Further, it is said that, on October 6, 2021, respondent No. 2, Alliance of Digital India Foundation (ADIF), filed an application under Section 33 of the Competition Act, asking the Commission to stay the petitioners' Google Play Billing Clarifications.

In its reply, Google said, "The application was filed approximately one year after the Google Play Billing Clarifications were announced in October 2020. Therefore, it is clear that ADIF itself has disproved any notion of urgency in approaching the Commission for interim relief measures."

On October 18, while the commission's investigation was ongoing, ADIF filed additional information under Section 19 of the Competition Act ("ADIF Information") informing about the non-confidential version of the ADIF Information. On November 16, the company requested that the Commission establish a confidentiality ring and share the confidential version of the ADIF IR Application, explaining that this would allow Google to understand the claims against it. It also sought additional time to respond to ADIF's allegations.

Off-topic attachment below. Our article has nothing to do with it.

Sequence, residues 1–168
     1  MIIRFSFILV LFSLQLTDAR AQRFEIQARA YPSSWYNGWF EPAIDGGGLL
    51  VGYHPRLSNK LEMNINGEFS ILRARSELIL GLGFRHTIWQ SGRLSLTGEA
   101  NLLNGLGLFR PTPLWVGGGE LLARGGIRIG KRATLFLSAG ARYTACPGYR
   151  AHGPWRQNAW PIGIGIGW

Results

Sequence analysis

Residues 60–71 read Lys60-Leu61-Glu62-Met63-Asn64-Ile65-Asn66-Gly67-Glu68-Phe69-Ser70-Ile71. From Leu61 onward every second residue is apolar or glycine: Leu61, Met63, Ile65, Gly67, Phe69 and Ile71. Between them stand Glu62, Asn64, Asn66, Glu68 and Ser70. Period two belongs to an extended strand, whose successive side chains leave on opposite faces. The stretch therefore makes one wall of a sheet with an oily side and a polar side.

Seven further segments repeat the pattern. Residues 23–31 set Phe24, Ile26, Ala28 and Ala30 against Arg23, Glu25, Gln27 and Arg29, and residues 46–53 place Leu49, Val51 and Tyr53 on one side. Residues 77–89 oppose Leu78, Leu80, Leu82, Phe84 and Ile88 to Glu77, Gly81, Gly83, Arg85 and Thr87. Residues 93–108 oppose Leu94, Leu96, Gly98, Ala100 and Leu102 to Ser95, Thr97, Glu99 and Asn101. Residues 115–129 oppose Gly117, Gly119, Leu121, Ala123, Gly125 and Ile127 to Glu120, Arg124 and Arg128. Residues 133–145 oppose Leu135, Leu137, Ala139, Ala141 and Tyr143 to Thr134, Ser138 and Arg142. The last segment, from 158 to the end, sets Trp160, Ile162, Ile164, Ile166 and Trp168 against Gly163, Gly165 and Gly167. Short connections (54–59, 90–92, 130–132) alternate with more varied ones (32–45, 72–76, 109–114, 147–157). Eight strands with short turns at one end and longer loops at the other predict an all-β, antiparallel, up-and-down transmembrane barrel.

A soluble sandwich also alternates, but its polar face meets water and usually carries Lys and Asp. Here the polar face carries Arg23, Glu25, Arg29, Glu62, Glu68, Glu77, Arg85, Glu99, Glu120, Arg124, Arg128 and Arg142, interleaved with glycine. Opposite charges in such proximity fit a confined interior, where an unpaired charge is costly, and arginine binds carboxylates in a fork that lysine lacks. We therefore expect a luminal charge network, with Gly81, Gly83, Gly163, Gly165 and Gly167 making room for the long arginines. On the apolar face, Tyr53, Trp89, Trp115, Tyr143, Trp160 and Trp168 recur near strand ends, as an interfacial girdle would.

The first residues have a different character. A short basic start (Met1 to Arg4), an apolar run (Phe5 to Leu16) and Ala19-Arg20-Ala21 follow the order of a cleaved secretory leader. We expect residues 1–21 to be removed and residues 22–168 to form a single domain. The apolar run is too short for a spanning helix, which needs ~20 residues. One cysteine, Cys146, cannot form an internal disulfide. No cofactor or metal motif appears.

On November 30, the Commission set up a confidentiality ring, allowing 6 members to be part of the petitioners' confidentiality ring. The Commission also directed ADIF to submit a revised confidential version of the ADIF IR Application. However, the Commission, on its own accord, instructed ADIF to redact the names and identities of app developers/start-ups who had provided evidence for the ADIF IR Application.